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2 Optical Exercises To Improve Your Baseball Skills

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Baseball has often been referred to as the American pastime. If you enjoy playing baseball in your spare time, you are likely always looking for ways to improve your ability to hit a home run. Good eyesight plays an important role in helping you see and track a pitch, and maintaining your eyesight is essential if you want to become a better baseball player.

Here are two optical exercises that you can do at home to help you improve your baseball skills in the future.

1. Improving 3-D Depth Perception

In order to accurately gauge the distance and speed with which a baseball pitch is traveling, you must have finely-honed 3-D depth perception skills. Each eye sees images independently of the other. These images are transferred to the brain, which uses discrepancies in the two images to estimate how far away an object is.

If you want to improve your 3-D depth perception to become a more accurate hitter in the future, try using some optical exercises. A great exercise to engage in for 3-D depth perception is pointing a finger from each hand at the center of two identical photographs. Try to form the same image between the two photographs as quickly as possible.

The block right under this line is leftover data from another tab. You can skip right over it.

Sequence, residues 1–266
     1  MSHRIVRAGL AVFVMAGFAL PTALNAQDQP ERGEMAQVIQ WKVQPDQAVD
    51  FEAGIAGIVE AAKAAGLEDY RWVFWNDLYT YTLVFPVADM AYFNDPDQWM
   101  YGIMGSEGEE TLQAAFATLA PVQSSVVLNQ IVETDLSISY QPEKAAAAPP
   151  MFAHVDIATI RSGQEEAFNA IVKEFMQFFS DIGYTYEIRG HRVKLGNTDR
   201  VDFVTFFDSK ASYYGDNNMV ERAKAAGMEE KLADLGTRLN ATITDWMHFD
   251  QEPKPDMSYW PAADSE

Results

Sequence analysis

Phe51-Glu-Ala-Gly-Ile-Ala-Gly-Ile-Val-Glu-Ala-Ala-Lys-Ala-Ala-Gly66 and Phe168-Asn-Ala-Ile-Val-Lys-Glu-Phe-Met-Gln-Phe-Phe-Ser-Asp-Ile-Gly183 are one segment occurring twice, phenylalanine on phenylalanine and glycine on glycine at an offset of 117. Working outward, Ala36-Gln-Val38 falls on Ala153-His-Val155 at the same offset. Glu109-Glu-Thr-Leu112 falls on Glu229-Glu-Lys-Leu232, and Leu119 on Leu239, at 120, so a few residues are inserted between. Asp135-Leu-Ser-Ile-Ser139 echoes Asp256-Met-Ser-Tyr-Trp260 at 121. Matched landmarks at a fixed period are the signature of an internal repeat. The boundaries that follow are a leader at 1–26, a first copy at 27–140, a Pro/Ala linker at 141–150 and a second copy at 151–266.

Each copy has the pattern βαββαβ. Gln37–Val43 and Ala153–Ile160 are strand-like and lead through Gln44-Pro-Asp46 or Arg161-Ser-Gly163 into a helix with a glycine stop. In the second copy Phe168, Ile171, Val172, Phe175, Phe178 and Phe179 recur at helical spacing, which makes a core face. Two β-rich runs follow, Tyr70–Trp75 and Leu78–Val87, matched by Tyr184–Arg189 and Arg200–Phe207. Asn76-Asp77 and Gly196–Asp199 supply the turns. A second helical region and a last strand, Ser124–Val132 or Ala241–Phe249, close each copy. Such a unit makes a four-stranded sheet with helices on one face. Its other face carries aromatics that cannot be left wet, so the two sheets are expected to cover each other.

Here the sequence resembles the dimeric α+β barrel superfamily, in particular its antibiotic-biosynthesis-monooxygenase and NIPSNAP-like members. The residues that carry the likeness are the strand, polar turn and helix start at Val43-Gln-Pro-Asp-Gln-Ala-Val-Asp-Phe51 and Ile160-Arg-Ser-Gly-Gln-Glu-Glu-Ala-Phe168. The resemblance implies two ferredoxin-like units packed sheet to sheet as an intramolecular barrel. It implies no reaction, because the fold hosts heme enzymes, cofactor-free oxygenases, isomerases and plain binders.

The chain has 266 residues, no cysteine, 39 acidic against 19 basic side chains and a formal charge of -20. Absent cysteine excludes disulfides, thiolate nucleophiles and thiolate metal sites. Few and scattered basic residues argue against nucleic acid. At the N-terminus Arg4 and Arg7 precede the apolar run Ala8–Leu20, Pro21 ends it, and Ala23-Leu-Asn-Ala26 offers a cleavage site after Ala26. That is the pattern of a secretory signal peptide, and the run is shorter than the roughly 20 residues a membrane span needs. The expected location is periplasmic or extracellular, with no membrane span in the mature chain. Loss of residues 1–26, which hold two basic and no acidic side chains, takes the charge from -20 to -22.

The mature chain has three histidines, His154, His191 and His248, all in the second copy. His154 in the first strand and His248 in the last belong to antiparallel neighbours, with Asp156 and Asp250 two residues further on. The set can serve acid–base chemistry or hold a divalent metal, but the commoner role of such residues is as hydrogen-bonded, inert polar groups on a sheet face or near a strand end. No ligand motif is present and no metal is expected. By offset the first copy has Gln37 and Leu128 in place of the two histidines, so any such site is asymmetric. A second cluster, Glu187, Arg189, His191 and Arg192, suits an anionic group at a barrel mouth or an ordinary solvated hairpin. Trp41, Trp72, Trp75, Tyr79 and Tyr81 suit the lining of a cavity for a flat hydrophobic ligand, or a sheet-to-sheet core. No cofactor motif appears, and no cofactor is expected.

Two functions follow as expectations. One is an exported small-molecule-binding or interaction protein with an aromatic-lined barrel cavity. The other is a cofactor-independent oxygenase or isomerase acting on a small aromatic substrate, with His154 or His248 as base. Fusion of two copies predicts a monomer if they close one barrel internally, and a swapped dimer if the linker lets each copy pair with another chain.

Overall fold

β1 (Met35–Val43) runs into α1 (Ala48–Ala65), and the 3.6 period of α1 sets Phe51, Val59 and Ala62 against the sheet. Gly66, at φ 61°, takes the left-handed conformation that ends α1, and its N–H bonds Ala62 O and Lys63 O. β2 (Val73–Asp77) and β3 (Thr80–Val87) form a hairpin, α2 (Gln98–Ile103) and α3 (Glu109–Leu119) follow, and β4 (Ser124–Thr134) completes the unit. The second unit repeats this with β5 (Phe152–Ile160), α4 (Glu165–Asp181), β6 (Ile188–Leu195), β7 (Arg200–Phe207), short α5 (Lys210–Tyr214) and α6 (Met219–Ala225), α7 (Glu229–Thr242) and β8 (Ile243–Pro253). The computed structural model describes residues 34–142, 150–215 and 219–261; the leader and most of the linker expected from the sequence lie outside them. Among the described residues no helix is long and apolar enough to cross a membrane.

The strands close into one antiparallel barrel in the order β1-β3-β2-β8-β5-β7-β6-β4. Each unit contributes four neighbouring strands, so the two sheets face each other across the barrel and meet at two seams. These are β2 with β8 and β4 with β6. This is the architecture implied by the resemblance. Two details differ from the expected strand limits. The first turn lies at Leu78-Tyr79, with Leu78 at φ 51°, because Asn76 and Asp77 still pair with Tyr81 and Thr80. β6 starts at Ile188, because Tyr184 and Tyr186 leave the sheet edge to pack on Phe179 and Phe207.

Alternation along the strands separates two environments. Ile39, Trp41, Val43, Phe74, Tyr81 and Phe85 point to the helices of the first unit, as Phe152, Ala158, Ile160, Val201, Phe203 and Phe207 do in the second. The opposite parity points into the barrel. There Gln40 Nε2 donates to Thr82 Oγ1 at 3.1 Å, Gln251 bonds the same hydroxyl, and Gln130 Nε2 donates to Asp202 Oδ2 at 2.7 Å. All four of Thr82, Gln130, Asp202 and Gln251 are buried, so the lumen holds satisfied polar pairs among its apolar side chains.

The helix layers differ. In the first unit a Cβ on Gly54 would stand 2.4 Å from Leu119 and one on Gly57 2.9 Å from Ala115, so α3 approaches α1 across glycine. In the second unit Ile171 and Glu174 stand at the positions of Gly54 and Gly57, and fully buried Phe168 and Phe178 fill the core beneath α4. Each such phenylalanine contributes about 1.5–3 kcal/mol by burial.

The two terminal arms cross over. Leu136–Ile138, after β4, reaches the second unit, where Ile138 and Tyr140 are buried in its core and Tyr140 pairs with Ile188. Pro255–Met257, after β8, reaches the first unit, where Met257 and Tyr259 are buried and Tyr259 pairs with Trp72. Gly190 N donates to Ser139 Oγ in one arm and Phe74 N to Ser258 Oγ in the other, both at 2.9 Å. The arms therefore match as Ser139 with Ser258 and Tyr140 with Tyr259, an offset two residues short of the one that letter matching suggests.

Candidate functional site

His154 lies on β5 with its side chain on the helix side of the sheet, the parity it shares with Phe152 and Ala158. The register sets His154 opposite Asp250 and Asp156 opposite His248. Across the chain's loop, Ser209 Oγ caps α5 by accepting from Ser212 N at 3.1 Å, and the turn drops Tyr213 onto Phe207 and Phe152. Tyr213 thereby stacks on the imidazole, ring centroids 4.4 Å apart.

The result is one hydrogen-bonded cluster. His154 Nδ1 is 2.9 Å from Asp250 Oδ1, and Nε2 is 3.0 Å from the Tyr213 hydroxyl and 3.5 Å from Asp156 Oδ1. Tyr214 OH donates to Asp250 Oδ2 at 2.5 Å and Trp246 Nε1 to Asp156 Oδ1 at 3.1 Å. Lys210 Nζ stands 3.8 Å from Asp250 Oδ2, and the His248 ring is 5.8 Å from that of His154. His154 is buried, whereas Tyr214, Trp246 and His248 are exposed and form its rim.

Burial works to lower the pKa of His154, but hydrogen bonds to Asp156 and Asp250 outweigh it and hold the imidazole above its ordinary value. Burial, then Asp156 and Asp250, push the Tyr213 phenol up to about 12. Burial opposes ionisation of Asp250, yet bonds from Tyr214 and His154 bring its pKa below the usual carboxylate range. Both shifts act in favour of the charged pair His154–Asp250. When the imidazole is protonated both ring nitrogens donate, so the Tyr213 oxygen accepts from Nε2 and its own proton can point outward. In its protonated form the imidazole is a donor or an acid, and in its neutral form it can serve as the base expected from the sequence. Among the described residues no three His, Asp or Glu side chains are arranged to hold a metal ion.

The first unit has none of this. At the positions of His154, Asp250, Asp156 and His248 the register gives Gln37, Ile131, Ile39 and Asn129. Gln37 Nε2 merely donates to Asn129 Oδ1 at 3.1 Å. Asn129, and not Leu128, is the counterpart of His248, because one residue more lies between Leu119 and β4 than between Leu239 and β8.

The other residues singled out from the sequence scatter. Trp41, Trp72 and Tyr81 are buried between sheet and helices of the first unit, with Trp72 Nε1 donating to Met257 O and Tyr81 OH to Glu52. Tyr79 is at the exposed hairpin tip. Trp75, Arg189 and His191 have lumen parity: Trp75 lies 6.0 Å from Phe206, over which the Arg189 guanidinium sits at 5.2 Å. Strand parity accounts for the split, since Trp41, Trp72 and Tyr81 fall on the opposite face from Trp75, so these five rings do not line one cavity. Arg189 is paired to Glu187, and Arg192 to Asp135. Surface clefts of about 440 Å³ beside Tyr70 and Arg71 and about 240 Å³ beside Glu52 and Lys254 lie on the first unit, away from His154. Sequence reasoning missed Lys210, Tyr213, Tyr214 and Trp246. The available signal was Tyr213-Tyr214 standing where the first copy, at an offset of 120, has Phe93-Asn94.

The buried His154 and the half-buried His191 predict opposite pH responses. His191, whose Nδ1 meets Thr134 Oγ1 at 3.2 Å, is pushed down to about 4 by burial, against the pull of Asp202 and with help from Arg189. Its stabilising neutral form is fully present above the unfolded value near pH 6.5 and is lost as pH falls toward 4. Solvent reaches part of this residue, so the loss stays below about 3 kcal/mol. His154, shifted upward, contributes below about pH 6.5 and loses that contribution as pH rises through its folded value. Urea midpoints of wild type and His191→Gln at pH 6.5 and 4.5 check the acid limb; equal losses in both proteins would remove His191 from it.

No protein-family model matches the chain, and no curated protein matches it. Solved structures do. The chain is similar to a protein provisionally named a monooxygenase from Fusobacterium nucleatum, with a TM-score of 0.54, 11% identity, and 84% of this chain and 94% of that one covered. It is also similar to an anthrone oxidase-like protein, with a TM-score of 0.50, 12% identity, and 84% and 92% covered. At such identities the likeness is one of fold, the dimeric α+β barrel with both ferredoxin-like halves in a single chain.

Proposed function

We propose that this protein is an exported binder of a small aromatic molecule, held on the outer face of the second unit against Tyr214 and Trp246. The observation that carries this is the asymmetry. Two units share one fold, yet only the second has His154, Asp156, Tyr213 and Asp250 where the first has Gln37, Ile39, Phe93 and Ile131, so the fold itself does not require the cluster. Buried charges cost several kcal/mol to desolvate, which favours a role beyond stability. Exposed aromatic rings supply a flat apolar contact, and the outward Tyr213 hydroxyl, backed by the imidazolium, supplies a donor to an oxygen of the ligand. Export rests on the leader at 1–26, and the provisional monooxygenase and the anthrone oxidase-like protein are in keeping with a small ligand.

This exercise forces your brain to quickly interpret the two differing images and meld them together to form a single image. By conditioning your brain to interpret three-dimensional information quickly, you can improve your ability to see and react to a pitch in the future.

2. Improving Eye-Speed Concentration

The average speed of a fastball thrown at the college level is between 80 and 95 miles per hour. Locating a ball traveling this quickly can be difficult, and getting your eyes to focus in on the ball before it crosses the plate can be even more challenging.

By improving your eye-speed concentration, you will be able to reduce the amount of time it takes you to focus in on, and track, a pitch in the future. A great exercise to improve eye-speed concentration requires a board with the numbers 1 through 50 written out of order on the surface. Stand at arm's length from the board and have a friend call out random numbers. Point to the number called, and have your friend record the amount of time it takes your eyes to focus in on the number.

Repeating this exercise can help your eyes grow accustomed to quickly processing visual information and focusing in on a single object, which will help improve your batting in the future.

Vision exercises can be beneficial when you want to improve your baseball skills. Try engaging in optical exercises to improve your 3-D depth perception and eye-speed concentration in the future. For more information contact an optometrist in your area.